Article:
What’s the best way to measure reverb times? Balloon pops? Omni loudspeakers? This article compares multiple source types and presents some surprising conclusions that can greatly simplify the RT collection process.
There have been some threads on the SynAudCon Email Discussion List regarding sources for room impulse response (RIR) testing. I recently had the opportunity to compare some source types in a reverberant space under fairly controlled conditions.
Overview St. Michael’s of Cannelton is a medium-sized Catholic church (approximately 300 seats) located along the Ohio River in southern Indiana. A recent remodeling project replaced the carpet with tile, and the reverberation time (RT) predictably increased, rendering the existing sound system unintelligible. The objective of the session was to measure the RIR to quantify the new RT for use in redesigning the sound system. The designer/installer is Buddy Ward of Jasper, IN. Four sound sources were used for room testing. These included balloon pops (mechanical), Outline GlobeSource™ (“omni” electro-acoustic), NTI Talkbox™ (“speech-like” electro-acoustic), and a Frazier CAT 2X7™ (small format line array).
Two test distances were used 6m and 12m. This allows the relationship between directivity, distance and direct-to-reverberant ratio to be observed.
The NTI Talkbox was used stand-alone. A subwoofer was used with the omni and line array for extended LF response. The test stimulus for all loudspeakers was a 14-second log sine sweep. The sweep was recorded using a TetraMic™ and 4-channel wave recorder. The resultant A-format sweep files were converted to B-Format using the TetraMic software utility, and then convolved with the inverse-sweep in GratisVolver™ to yield the B-Format RIR. The “W” channel (Ch1 of the WAV file) was post-processed to yield the desired acoustic measures.
Perhaps the oldest method of RIR collection involves the use of an impulsive source. To implement this method I secured a bag of balloons from the local Hobby Lobby. The balloons were held overhead at the loudspeaker location and popped with a sharp instrument. After trying a few I found that “the more air, the better” and inflated the balloons to near their limit. The room was made as quiet as possible, with all air handlers turned “off.” The windows were open, but I waited for cars to pass before popping the balloon. While it is possible to convolve the balloon pops with dry program material and listen, there is no connection to reality. The convolutions sound a bit strange, but are representative of how a low-directivity source would excite the room.
The “omni” electro-acoustic source is a 12-loudspeaker array (Outline GlobeSource). It is spherical in shape and technically not a dodecahedron. The transducer size and spacing prevents it from being a true omni at high frequencies, a malady shared by all such devices. The GlobeSource has very high power handling, so very loud sweeps can be played for good signal-to-noise ratio.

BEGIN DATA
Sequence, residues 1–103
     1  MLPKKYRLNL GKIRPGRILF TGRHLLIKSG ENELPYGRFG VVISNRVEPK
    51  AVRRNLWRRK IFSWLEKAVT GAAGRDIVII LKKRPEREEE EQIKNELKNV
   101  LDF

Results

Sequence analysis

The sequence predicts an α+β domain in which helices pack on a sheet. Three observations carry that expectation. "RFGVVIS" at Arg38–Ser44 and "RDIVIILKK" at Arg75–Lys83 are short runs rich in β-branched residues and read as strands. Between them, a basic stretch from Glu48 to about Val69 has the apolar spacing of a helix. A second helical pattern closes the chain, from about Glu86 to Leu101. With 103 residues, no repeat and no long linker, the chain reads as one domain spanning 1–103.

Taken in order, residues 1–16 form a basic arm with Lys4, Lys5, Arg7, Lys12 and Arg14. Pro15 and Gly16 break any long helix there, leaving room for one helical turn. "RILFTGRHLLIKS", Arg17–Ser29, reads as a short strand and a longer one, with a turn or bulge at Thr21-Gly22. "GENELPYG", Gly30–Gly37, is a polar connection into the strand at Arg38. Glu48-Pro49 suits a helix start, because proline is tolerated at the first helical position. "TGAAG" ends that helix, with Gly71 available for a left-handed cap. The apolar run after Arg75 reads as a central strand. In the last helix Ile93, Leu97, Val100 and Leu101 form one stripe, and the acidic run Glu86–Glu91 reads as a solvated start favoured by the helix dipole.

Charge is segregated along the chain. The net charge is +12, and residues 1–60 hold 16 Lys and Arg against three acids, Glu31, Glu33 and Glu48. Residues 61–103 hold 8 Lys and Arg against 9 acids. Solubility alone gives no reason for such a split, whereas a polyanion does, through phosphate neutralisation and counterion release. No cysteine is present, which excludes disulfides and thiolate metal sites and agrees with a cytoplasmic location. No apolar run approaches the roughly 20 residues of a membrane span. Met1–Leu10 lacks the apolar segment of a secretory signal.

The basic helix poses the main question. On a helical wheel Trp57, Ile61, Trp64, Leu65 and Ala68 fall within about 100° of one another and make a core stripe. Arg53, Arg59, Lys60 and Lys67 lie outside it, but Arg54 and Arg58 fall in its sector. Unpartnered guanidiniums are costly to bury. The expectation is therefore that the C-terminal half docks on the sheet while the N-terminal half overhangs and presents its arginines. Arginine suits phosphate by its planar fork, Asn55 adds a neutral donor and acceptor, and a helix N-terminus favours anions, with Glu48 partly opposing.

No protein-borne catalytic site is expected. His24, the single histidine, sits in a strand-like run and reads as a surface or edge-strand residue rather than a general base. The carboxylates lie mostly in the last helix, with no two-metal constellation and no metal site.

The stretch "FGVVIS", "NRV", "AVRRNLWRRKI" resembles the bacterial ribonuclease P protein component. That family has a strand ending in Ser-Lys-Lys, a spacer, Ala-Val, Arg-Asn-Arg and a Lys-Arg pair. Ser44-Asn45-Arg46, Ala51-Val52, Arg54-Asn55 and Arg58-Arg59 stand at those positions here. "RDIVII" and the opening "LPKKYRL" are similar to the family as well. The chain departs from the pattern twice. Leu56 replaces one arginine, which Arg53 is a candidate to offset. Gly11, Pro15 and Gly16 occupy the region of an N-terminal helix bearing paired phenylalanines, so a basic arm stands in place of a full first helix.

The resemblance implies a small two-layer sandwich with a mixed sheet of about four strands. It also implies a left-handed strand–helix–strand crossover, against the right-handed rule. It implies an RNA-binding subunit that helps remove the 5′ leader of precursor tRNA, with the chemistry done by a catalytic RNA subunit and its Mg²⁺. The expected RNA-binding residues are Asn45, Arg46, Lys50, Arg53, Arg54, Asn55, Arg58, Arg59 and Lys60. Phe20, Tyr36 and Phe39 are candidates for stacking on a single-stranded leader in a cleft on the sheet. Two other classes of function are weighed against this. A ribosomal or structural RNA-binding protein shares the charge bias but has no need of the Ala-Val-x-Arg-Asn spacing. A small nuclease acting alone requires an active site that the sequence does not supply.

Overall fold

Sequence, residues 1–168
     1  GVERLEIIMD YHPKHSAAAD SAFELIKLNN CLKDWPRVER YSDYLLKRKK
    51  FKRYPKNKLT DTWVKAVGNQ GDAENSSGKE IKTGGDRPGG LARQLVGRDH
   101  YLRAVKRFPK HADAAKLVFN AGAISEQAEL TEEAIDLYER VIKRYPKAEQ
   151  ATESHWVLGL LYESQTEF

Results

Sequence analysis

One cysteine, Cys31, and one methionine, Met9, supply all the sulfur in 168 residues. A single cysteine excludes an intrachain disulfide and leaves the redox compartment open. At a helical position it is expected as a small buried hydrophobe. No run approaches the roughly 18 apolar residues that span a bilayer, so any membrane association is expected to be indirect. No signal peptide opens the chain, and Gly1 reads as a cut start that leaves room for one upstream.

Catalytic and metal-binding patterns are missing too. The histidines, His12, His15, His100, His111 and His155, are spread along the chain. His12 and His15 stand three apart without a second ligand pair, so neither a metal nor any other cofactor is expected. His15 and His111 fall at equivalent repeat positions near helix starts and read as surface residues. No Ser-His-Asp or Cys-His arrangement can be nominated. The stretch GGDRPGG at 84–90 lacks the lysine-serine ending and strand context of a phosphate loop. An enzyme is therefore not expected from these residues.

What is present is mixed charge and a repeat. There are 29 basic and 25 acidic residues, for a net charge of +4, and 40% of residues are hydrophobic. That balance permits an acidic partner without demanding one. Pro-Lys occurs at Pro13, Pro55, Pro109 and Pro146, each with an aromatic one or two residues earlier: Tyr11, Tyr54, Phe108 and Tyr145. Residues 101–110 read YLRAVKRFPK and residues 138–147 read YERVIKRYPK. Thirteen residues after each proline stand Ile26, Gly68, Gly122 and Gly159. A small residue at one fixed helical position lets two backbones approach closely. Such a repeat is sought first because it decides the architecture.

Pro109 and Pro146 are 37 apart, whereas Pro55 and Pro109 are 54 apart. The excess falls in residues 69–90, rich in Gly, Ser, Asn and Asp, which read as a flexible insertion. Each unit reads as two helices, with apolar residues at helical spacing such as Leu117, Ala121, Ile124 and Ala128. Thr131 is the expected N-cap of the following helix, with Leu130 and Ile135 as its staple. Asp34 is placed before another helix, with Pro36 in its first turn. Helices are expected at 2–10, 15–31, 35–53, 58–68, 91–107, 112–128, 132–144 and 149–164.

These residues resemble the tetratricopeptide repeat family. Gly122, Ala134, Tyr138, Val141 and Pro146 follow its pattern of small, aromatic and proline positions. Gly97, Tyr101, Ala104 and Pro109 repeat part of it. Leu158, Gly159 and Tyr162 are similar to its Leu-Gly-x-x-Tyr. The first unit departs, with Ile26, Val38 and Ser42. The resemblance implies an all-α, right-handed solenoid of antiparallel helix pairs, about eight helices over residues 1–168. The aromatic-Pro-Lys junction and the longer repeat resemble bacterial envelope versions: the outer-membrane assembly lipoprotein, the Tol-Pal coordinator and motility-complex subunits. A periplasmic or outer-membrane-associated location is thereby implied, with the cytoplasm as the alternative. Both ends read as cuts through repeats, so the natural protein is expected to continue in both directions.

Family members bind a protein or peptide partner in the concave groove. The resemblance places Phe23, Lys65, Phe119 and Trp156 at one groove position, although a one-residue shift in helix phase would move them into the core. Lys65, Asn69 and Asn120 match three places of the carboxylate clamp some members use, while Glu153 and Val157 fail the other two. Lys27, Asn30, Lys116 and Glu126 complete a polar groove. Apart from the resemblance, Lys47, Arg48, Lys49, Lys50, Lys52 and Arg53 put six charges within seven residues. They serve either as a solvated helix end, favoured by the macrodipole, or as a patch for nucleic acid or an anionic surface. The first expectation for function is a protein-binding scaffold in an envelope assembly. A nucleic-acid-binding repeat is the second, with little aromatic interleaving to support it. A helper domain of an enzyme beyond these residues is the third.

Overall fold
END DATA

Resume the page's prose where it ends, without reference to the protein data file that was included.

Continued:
The NTI Talkbox is a self-contained powered loudspeaker/DSP/file player combination. The log sweep was loaded onto its compact flash card for playback. It uses on–board FIR filtering to produce an essentially flat transfer function (both magnitude and phase) from 100Hz to 10kHz. The price paid is high latency (~60ms), and some low level “pre-arrivals” on the impulse response. Neither is a negative factor for its intended use. The convolutions performed with the RIRs sound much more natural than the omni source, and are therefore more representative of what the room would sound like when excited by an unreinforced talker. This allows the effect of increased directivity to be readily assessed in the room modeling software. The Talkbox has a maximum LP = 70dB @ 1m, Line Array Source so a quiet room is required when used for RIR testing.
Line arrays are not normally used for room testing, since their high directivity can prevent them from uniformly exciting the space. The designer on this project is considering the use of this device, so it made perfect sense to collect some data from it. This is a two-way loudspeaker, with a HF line element coaxially mounted to extend the response of the LF section. The horizontal coverage is very wide (>100deg) and the vertical much more narrow (~30deg above 500Hz). The direct field dominated the reverberant much farther into the room, and the reverb times were slightly shorter than those produced by the low directivity sources. It is important to note that this is due to the reduced room excitation, not a change in the room’s reverb time.
If the sole objective of this exercise were to measure the room’s reverberation time, then any of the sources used would have sufficed. The balloon pops are okay for RT testing, but not much else. Both omni sources have the advantage of producing a more uniform room excitation, and would also better stimulate reflective surfaces around the source, such as a band shell or other reflector. The speech-like source produces an RIR that is more consistent with how the room would sound with an orator an important piece of information. It also comes close to providing room data for all of the “predictable” octave bands (125Hz – 8kHz). It was by far the easiest source to cart into the space and setup, since no supporting equipment is needed. The battery option even negates the need for an electrical outlet. The line array data is the best for demonstrating the possible improvement in performance of a renovated system, but if it is used for RT testing the microphone should be moved beyond critical distance, or at least off-axis from the source. pb